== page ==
My Teachers And Jajeer

Greater Kashmir

Something more about a unique thing I talked about last week

It is no hubris. My admiration for my birth burg is not chauvinism but an admission of its importance. Surely, it has had the distinct from many other counties for being capital of   the Sultans of Kashmir for centuries. It has been cradle of hundreds of Persian poets and scholars and abode of scores of savants and sages. Above all home of artisans gifted with deft hands.  It in reality has been crucible of our civilization and epitome of Kashmiri culture- something we all feel proud.
Talking about Jajeer, in last Sunday column I was reminded,   how our artisans had not only improved upon the Hubble-bubble that arrived along with traders from Central Asia or brought by the Mogul kings and soldiers into our part of the world but almost made it indigenous. The ceramic Jajeers with floral patterns engraved as beautiful as paisley design on Pashmina shawls produced by potters in Khanyar and Kralayar had found their way into the drawing rooms of European homes. Many coppersmiths in our locality were known for hammering out best Kandhaka’r-Jajeers with intricate floral designs. For carving a design out of the metal,  dug   the iron chisel in the metal  as dexterously as a hoopoe picks his bill in the grass. The more elaborate design on the Hubble-bubble more costly it would be. In fact, Jajeer, was in our childhood also counted as a status symbol. Some very rich possessed silver Jajeers and for holding tobacco they used silver chillums. I remember, a silversmith in our locality was known for making silver chillums with lids. A lid on chillum slowed burning of tobacco these long hours of smoking.
For smoking from Jajeer being seen as a part of intellectual discussion as someone has said, ‘it had become a fashion statement’.  Teachers, without reservations asked students to rinse the bowl part or ‘base jar’ of Hubble-bubble and fill it with fresh water. I remember a teacher even checking the nalacha, (pipes)- if water had been passed through them or not. Emptying the wooden tobacco casket of tobacco ashes was a routine work.  Sometimes, teachers would put students on an odious job of screwing out smut accumulated inside the Chillum with tongs.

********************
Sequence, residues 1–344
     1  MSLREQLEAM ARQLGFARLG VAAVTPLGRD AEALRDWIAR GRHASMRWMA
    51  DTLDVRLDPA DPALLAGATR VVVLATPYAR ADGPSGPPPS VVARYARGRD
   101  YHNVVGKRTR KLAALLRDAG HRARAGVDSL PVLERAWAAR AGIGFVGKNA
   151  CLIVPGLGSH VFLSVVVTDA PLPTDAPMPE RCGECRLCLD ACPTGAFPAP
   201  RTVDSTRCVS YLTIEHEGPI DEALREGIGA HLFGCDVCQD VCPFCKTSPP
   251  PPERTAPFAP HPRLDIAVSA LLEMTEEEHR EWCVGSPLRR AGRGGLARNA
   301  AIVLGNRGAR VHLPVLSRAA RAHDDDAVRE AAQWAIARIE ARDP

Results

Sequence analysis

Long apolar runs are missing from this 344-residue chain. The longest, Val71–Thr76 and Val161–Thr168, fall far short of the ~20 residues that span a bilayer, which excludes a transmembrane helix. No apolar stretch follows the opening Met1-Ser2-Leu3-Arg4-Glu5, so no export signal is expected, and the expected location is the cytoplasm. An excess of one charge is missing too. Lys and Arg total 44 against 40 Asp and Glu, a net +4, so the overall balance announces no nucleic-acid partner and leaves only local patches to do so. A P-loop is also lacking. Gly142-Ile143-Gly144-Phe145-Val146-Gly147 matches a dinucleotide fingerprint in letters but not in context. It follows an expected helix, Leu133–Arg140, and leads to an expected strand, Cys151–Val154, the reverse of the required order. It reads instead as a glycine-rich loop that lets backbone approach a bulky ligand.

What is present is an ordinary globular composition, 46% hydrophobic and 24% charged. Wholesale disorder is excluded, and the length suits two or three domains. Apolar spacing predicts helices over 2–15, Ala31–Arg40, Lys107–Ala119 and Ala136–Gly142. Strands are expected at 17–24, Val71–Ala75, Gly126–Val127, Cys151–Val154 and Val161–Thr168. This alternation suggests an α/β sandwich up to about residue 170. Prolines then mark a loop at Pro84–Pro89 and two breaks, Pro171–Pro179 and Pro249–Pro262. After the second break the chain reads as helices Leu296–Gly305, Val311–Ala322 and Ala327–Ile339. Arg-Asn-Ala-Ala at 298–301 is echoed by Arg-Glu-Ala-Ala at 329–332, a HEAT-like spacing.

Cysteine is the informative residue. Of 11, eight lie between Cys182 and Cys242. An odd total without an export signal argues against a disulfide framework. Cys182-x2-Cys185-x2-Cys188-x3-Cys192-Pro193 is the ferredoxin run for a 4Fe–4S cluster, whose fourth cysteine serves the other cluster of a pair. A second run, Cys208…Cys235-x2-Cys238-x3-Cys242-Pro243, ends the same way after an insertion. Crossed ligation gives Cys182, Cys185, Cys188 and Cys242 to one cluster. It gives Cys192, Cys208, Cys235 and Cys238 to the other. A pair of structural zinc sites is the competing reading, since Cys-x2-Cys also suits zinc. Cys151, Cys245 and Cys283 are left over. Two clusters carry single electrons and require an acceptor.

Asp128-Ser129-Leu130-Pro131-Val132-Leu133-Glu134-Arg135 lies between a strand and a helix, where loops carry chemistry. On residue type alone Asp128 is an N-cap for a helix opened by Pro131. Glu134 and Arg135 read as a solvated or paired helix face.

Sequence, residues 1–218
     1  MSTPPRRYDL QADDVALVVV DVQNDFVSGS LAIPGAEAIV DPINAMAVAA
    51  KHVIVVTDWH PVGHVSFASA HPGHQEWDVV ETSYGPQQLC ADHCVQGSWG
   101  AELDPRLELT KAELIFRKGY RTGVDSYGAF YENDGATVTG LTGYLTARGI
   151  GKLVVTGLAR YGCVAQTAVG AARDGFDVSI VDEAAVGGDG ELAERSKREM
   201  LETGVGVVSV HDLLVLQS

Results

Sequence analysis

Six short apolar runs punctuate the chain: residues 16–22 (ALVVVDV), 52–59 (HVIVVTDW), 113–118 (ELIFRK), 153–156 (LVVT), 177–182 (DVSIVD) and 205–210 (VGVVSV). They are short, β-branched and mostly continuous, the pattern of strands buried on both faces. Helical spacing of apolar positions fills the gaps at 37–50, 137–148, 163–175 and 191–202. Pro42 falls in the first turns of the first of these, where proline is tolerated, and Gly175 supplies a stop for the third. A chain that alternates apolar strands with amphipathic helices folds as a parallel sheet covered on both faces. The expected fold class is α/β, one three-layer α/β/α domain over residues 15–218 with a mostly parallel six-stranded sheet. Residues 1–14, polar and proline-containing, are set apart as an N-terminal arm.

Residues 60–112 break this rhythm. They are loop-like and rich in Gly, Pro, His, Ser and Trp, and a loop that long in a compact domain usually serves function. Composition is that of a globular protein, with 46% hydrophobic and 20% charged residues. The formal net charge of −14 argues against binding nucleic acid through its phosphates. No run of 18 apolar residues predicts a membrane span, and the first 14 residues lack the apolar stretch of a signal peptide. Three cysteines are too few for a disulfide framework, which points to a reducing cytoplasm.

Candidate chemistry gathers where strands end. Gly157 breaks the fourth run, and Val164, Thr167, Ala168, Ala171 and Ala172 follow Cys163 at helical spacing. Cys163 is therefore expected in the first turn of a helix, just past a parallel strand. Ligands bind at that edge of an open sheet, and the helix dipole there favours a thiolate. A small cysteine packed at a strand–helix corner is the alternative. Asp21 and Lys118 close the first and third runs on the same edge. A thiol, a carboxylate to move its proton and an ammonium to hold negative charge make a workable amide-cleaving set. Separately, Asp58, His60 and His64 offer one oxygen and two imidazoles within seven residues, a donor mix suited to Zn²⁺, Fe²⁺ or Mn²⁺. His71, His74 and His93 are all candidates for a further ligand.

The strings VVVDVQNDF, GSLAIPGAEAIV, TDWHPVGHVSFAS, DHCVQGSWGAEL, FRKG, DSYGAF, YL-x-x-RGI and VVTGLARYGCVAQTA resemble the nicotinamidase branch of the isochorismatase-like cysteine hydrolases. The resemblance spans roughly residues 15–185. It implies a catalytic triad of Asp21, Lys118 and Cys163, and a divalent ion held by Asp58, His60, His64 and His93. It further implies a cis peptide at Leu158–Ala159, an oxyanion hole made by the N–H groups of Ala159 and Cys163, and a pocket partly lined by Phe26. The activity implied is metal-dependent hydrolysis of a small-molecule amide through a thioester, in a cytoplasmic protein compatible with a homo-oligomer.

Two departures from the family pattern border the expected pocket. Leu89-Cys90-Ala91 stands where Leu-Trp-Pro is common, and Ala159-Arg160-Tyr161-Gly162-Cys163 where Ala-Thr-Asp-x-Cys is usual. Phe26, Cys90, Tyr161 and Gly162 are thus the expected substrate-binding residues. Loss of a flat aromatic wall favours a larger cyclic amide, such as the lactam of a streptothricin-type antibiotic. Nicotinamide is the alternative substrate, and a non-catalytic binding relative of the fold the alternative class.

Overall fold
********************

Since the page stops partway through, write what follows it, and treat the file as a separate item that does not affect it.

I remember, a teacher of mine Pandit Shamlal, I used to go for tuition in class nine. He was fond of smoking tobacco.  Reclining against a bolster in a window of his house that opened on Mar canal, he used to enjoy long puffs of smoke from his Jajeer- he preferred to call it hookah. His hookah- that we called as “bata-Jajeer’ was different from one used by Muslims.  Its base jar was of brass. It opened at top that was fitted with a wooden pipe for holding a chillum at the top and had a smaller hole on a side for holding another smaller pipe. There was nothing indigenous in Bata-Jajeer, it was simply replica of what is historically known as Mogul Hookah. Seeing him smoking from his hookah or sipping tea from his Khoos brass cup it often bothered me why     Battas do not eat in copper utensil and take tea in porcelain cups made  like Muslims. 
 When I was in class seven, a Muslim teacher visited our home for taking our tuition.  Immediately on his arrival, he asked for Jajeer for having some puffs of smoke before teaching. Once my uncle objected his behavior. In his defence, the teacher talked about Allama Iqbal’s love for smoking and narrated couple of stories.  One story lurked in mind for many years.  ‘During a three-hour transit at Wazirabad Railway station on his way to Sialkot Dr. Iqbal had deep urge for a smoke. He asked the coolie to bring him a hookah. Coolie answered there is no place to find a hookah at this early hour. Iqbal have good money as incentive- coolie rushed off and after sometime brought back a small dirty hookah. Allama enjoyed puffs of smoke and shared hookah with the coolie. On train Iqbal’s companions told him that hookah was really dirty – at this bard of the East laughed – when you have urge for smoke you do not look at hookah.’ Years later, I read the anecdote in detail in Rozgar-e-Faqir…
My uncle afterwards said nothing to our teacher- he continued to fill the air of room with smell of tobacco while teaching us….